. . . the equilibrium formula of expanded reproduction . . . implies an identity of the rate of growth of demand for consumer goods generated by department I. and a rate of growth of constant capital in department II (p.67).
In a sense this division of production into only two sectors is a gross simplification but its logic lies in the fact that it brings out that capitalism is not a system of production for use and that the output of Department II is restricted in the end by the need to limit the consumption of the producers at the expense of profits and capital accumulation. All the same, there are in fact as many sectors as there are industries and, if growth is to be smooth, all these sectors, or sub-sectors, must expand proportionately. It is thus easy to see how, given the anarchy of production, crises are possible, in fact inevitable, under capitalism. As Mandel puts it:
the very structure of the capitalist mode of production, as well as its laws of motion, imply that the “conditions of equilibrium” are inevitably destroyed; that “equilibrium” and “harmonious growth” are marginal exceptions to (or long-term averages of) normal conditions of disequilibrium (“overshooting” between the two departments) and uneven growth, (p.31)
Crises are due not to simple disproportionality but come about because this happens in the context of a society where production is for profit and where consumption is restricted by the majority being exploited by a minority class. A crisis, as a more or less sudden stop to growth, is in fact only one phase of the capitalist economic cycle. In Volume I of Capital (which he did himself see to the press) Marx speaks of the “life of industry” being a “series of periods of moderate activity, prosperity, overproduction, crisis and stagnation” which are “recurring cycles whose successive phases cover a number of years and which always end in a general crisis, which is the end of one cycle and starting point of another”.
The key factor governing the move from one of these phases to the next — from moderate activity to prosperity to overproduction and crisis to stagnation — is profits, short and medium term variations in the rate of profit.
In the period of moderate activity, which is the period of recovery just after the stagnation (the period Tory ministers have been saying for the past year or so is just round the corner!), industrial activity is beginning to pick up. This means that more workers are in employment and have more money to spend. More money to spend means a larger market for consumer goods, which means that capitalist firms in this sector will expand production ordering new factories, machines and raw materials from the producer goods sector. This interaction between the two sectors eventually leads to the period of prosperity and boom, with relatively full employment, rising wages, full order books. So it is the confirmation of the confidence that capitalist firms had in being able to sell profitably what they produced that leads from the period of “moderate activity” to that of “prosperity”.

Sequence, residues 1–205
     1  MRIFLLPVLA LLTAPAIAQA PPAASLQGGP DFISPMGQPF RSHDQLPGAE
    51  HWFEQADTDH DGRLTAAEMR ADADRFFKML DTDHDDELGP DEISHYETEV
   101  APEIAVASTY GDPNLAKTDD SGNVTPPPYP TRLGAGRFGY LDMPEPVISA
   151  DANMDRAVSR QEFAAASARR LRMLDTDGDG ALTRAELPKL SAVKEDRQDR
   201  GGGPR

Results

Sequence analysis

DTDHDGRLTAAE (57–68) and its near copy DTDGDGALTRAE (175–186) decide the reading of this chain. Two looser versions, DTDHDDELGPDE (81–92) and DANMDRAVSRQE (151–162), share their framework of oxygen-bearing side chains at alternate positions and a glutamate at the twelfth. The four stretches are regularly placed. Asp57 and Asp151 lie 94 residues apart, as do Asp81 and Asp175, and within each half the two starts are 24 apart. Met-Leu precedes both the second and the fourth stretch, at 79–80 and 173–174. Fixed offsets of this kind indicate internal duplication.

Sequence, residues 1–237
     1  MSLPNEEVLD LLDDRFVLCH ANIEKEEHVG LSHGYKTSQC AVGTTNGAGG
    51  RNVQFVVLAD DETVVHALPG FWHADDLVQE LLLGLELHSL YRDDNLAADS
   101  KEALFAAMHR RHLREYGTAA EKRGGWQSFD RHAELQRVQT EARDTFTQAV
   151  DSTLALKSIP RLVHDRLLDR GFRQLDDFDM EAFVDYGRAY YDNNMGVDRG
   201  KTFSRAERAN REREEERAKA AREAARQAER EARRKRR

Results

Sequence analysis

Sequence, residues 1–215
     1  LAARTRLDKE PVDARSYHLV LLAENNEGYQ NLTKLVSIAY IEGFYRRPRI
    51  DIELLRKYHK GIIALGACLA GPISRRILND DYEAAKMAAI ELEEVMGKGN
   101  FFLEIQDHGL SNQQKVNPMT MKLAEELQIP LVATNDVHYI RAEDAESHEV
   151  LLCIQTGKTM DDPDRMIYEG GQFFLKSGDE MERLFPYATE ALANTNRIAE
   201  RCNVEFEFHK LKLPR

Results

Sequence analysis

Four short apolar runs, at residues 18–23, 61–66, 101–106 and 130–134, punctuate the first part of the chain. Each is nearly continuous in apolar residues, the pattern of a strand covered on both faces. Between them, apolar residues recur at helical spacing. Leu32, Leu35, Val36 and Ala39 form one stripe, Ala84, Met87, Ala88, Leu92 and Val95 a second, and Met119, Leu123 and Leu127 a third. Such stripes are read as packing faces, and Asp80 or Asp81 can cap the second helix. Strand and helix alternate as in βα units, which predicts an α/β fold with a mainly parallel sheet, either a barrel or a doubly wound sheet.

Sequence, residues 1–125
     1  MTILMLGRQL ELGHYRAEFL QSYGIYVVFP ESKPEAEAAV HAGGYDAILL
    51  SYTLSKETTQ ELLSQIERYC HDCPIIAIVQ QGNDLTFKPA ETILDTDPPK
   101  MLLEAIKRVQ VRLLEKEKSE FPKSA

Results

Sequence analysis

But this period of prosperity does not last for ever. It inevitably ends in “overproduction”, as capitalist firms become over-confident. This is because the competing firms in an industry all assume that they will sell their goods profitably on the expanding market. As a result the total amount produced comes to be more than enough to satisfy the market. In this sense, there is “overproduction” in one industry. This leads to lay-offs and cutbacks of production which affect other industries, and so to a generalised “overproduction” and an end to the boom.
In Marx’s day, when most industry and trade was financed by trade bills, this led to a loss of confidence in credit and to a financial crash — or crisis in the sense Marx used it in this context. Then followed the period of stagnation: a fall in industrial output, mass unemployment — which is what we today more usually mean by crisis.
The evolution from “stagnation” to “moderate activity” is once again governed by a change in the rate of profit. As a slump continues the conditions are eventually created for a restoration of profit levels and a gradual recovery of economic activity. Profit levels are restored by a number of factors: (1) depreciation of capital, through bankruptcies, write-offs, takeovers, fall in the value of stocks and so on: (2) a fall in real wages; (3) a fall in real interest rates as the supply of capital for lending comes to exceed the demand. These three factors all work to increase the rate of industrial profit and eventually bring about a recovery, and so the cycle recommences.
This is our analysis of the current slump. It is one phase of the economic cycle which is repeated under capitalism and will in time give way to the next phases: moderate activity, prosperity and then another crisis and stagnation. In other words, capitalism will eventually recover from the present crisis.